Google goes the BHIM way, debuts payment app Tez
Despite the BJP government's claims of fostering a cashless economy through demonetisation last November, cash is still king in India. However, with India's payment industry expected to grow to $500 billion by 2020, Google has made a play in the cashless sector with its latest innovation – Tez.
At an event in New Delhi on 18 September, Google unveiled Tez, becoming the latest entrant in a league of companies capitalising on the ever-growing digital payments market. Tez (meaning fast), comes some eight months after Google CEO Sundar Pichai and Google's Next Billion Users programme head Caesar Sengupta met with Finance Minister Arun Jaitley.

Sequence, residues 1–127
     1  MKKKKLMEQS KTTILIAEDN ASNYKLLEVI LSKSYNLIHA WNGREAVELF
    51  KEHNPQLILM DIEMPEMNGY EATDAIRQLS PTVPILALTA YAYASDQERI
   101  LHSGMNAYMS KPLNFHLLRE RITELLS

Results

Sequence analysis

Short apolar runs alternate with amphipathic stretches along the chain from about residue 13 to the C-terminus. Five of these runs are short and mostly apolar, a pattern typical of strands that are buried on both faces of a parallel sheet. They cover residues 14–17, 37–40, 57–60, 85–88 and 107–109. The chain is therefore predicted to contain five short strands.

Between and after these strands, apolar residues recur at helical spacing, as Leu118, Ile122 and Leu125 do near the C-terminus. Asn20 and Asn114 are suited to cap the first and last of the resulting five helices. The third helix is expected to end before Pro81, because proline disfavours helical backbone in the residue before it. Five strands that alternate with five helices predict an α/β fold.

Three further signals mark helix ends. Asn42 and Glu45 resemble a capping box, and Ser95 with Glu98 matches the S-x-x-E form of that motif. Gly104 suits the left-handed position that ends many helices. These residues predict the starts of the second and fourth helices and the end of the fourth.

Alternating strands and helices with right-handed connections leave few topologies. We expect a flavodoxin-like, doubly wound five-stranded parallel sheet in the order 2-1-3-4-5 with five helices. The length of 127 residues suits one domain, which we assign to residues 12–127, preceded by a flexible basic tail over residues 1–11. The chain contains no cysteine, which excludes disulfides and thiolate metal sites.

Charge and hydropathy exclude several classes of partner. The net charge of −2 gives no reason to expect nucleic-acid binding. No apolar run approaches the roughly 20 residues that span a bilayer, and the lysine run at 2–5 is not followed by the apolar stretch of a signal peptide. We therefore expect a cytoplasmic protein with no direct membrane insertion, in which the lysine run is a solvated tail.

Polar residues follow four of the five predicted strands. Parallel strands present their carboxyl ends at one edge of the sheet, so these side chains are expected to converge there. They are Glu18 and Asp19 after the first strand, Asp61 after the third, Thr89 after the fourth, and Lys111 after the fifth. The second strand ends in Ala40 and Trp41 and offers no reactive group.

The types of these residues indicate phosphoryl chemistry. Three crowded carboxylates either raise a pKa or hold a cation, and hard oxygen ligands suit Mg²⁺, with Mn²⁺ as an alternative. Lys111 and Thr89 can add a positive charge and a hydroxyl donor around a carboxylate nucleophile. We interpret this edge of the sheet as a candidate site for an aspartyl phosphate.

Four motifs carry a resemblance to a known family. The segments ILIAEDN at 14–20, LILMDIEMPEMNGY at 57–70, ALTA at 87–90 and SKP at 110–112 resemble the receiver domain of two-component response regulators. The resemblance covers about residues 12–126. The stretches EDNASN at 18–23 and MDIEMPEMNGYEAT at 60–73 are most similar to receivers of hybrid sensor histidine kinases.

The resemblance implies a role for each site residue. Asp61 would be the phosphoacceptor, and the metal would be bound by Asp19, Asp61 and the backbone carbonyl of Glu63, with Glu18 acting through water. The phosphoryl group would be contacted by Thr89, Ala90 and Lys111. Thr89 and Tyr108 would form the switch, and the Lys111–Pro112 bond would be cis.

"It's very early in the game. Think about what proportion of the industry is still cash based. You'll realise we are at a very nascent stage. The opportunity is huge ahead." said Sengupta. "Not just us, but many other players will have to innovate and work very hard to get us to that digital area where we're off cash. We're actually pretty early and there's a lot to be done here."
The app links users' smartphones to their bank accounts, allowing them to pay for goods and services securely in both physical stores as well as online. It even allows for person-to-person money transfers. The app doesn't support feature phones as yet. "At the moment, UPI doesn't itself support feature phones. As soon as UPI itself is able to support feature phones, we'll start working on that functionality," Sengupta said.